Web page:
I love everything about my polar campaigns, except for the tense hours just before a swim.
The anxiety before this last swim, along the edge of the Arctic sea ice, was the worst I’ve ever experienced.
The training leading up to it was not what I’d wanted. Even though my preparation went well, and I was fit and strong – probably in the best pre-swim condition ever – there was just not enough cold water training.
When I arrived in Longyearbyen, Spitsbergen for the final acclimatisation, the water was 10C (50F) – and this was just 1,300 kilometres from the North Pole! Yet another example of the runaway climate change we are witnessing in the Arctic.
When I did my North Pole swim in 2007, there were a number of leaders denying what was happening in the Arctic. Today there is just one.
This swim returned us to the high Arctic ten years later to show the world the speed at which things are changing, and remind our leaders that what happens here affects all of us.
There were some added pressures on this swim. For one, we had a Sky News team on the expedition filming a documentary – the first time we’d had a TV crew on board.
This would be my fifteenth long distance swim in very cold water. People assume that it gets easier over time. It doesn’t. It gets harder, because you know the place you’re going to; you know the pain you’re in for. Once you experience such extreme cold, you never really thaw out. Plus I’m not getting any younger.
Before I set out on this expedition I wrote the names of every person who has helped me prepare for this swim. There were 67 names in all, starting with Professor Tim Noakes who pioneered the science behind my cold-water swimming. Now I had one of the most competent safety officers a swimmer could wish for in Karin Strand, I had photographer Kelvin Trautman close by, and safety paddler Kyle Friedenstein alongside.
The setting was perfect; a brilliant sunny day and a clean edge of Arctic sea ice at 80° North, along which to mark our kilometre. When the team measured the water temperature, it was minus 0.5C (31F). They told me it was 2C (37F). In retrospect, I’m glad they kept the truth from.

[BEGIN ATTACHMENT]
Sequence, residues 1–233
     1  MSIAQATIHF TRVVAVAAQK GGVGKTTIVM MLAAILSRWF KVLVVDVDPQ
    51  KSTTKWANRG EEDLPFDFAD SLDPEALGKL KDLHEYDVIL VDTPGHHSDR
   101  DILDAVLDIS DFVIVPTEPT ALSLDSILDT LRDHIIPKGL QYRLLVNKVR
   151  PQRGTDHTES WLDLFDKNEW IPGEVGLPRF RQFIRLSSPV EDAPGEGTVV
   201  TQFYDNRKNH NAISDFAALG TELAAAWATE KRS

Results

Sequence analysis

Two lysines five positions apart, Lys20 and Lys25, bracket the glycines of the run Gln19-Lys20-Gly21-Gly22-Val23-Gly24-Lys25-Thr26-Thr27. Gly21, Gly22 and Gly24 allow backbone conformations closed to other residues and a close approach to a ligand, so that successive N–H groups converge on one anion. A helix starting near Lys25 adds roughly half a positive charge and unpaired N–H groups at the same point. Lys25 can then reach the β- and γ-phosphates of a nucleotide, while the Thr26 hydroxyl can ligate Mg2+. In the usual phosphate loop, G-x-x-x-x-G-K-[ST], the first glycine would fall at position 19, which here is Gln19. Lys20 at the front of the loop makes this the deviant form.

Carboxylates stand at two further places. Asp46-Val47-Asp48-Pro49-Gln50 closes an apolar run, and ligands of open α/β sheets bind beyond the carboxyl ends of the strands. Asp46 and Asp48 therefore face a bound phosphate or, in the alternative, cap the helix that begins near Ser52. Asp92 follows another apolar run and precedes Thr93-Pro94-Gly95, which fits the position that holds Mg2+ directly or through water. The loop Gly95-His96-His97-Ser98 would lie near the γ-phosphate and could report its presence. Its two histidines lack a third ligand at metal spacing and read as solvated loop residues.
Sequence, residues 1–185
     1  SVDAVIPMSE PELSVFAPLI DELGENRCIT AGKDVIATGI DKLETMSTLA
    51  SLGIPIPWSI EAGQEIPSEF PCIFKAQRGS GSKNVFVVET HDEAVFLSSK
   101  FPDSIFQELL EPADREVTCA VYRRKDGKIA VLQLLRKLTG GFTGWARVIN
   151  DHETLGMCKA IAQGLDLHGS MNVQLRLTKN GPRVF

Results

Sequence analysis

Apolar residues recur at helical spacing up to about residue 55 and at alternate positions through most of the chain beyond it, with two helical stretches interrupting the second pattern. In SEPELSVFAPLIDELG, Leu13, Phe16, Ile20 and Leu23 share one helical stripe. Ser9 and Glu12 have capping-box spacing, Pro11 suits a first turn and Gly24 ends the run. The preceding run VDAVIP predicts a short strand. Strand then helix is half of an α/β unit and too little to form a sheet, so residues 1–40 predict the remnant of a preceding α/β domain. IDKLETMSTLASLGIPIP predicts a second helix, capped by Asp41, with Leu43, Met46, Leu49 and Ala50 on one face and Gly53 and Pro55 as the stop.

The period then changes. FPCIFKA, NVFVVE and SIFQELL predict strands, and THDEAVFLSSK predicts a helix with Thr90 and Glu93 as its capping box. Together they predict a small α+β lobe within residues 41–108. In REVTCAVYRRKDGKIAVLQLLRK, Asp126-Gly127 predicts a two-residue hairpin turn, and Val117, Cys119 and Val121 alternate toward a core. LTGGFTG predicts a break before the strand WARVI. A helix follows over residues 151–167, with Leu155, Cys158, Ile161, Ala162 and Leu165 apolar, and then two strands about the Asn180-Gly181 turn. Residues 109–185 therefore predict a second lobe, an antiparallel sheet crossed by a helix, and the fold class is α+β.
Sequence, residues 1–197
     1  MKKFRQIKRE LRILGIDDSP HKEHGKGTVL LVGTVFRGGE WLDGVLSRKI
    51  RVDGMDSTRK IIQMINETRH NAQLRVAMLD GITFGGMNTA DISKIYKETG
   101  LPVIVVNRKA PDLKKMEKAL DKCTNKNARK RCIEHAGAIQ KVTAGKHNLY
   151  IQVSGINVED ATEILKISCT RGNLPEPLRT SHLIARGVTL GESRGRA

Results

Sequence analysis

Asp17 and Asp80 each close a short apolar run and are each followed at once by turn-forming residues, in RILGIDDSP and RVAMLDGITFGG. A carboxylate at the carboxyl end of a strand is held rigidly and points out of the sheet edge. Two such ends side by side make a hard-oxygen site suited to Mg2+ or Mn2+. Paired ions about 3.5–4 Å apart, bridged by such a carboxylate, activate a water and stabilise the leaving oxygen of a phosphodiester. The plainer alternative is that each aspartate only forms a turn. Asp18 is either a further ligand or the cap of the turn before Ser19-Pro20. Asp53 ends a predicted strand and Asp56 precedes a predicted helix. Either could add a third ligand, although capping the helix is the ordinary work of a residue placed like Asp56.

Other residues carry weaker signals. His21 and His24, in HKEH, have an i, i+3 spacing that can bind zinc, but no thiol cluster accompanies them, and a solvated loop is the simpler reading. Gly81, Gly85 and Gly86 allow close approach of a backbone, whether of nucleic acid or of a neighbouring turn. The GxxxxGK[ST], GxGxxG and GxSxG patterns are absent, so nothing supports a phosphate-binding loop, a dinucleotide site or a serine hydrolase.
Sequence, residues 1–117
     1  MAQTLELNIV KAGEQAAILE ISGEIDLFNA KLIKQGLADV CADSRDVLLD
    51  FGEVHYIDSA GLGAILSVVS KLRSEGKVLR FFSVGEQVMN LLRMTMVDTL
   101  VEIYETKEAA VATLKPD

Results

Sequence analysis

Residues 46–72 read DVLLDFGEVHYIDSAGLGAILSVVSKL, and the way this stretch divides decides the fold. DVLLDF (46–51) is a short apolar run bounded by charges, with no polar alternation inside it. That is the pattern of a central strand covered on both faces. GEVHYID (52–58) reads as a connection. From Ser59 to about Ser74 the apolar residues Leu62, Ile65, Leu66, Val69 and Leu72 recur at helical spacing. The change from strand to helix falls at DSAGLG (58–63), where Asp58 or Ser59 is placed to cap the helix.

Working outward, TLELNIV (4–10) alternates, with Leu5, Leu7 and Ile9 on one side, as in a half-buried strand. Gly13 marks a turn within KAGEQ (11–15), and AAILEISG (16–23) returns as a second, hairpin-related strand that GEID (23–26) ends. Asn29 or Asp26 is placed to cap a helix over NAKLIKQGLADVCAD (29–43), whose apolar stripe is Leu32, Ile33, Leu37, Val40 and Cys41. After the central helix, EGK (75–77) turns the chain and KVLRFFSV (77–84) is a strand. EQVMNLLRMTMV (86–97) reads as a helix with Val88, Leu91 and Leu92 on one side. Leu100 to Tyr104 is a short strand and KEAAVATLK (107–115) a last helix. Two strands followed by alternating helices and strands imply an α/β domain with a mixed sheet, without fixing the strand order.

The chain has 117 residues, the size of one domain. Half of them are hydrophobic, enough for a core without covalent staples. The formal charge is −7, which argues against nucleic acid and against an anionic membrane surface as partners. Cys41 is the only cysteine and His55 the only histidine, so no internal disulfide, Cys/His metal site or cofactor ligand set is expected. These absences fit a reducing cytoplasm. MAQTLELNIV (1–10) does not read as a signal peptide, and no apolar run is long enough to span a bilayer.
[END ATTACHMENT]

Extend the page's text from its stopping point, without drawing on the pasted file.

I've received lots of questions about how I’m able to swim in the Arctic. Read this thread > pic.twitter.com/rsop2Iqyov
— Lewis Pugh (@LewisPugh) August 1, 2017
The moment I dived in I knew I had a problem. The sun never sets this far north in July, and at this latitude it angled straight into my eyes. I couldn’t see Kyle’s signals, and I couldn’t hear him shouting directions. I had to rely on counting strokes to measure my distance.
My cadence was off from the start. Perhaps it was the shock of sub-zero water, but whereas I usually count 100 strokes for 100 metres, it took me 130 strokes to reach that same distance. At 650 metres I was struggling to coordinate my kick, and my hands were frozen so they couldn’t grip the water. I stopped and shouted to Kyle, ‘I think I’m finished. Let’s get out!’
But at that moment, the support boat, which had been filling with water, had to peel away in a wide circle to clear the sluices. It was easier to swim on than to tread water in the freezing sea. I decided to try and squeeze out another 50 metres.
Earlier in the day, I’d given a talk on board the expedition vessel about my North Pole swim. I spoke about how frightened I was diving into the unknown, how breaking that swim into manageable chunks had helped me get though it, and how quitting can very easily become a habit.
Having relived that day, 10 years ago to the day, how could I give up now? I decided to press on to 750m. Once I got there, I reached for 800m. At 900m my body was shutting down, and I hardly remember the rest of the swim. But somehow I crawled to the end.
At 22 minutes in the water, it was my longest sub-zero swim, and it took its toll. I don’t remember ever having been so cold. Getting into the support boat was an ordeal. Kelvin Trautman had to stop taking photos to help me. But my hands were so frozen that I could not hold onto him. In the drama that ensued the only way I could hold onto him was by biting his arm, and holding on tight. Luckily he was wearing a dry suit. My body is now bruised all over. When I get back on shore I’ll be examined by my medical team to find out exactly why.
The Sky News team will air their documentary later this year; we’ll advertise the date, but issue a warning. I’ve watched the footage and it does not make for comfortable viewing. It is as raw as it gets.
Anyone who tells you they enjoy swimming in freezing water is either mad, or has never done it. I certainly don’t enjoy it. I am doing it to carry a message about the health of our oceans. We are in a very, very dangerous situation, and the world needs to know about it, and take immediate action.
Will I still be doing this in 10 years time? After this swim, I’m not so sure; but be assured that my commitment to being on the frontline of this battle to protect our oceans will go beyond the next decade.
Lewis Pugh is an endurance swimmer and the UN Patron of the Oceans. This article was orignally published on his blog.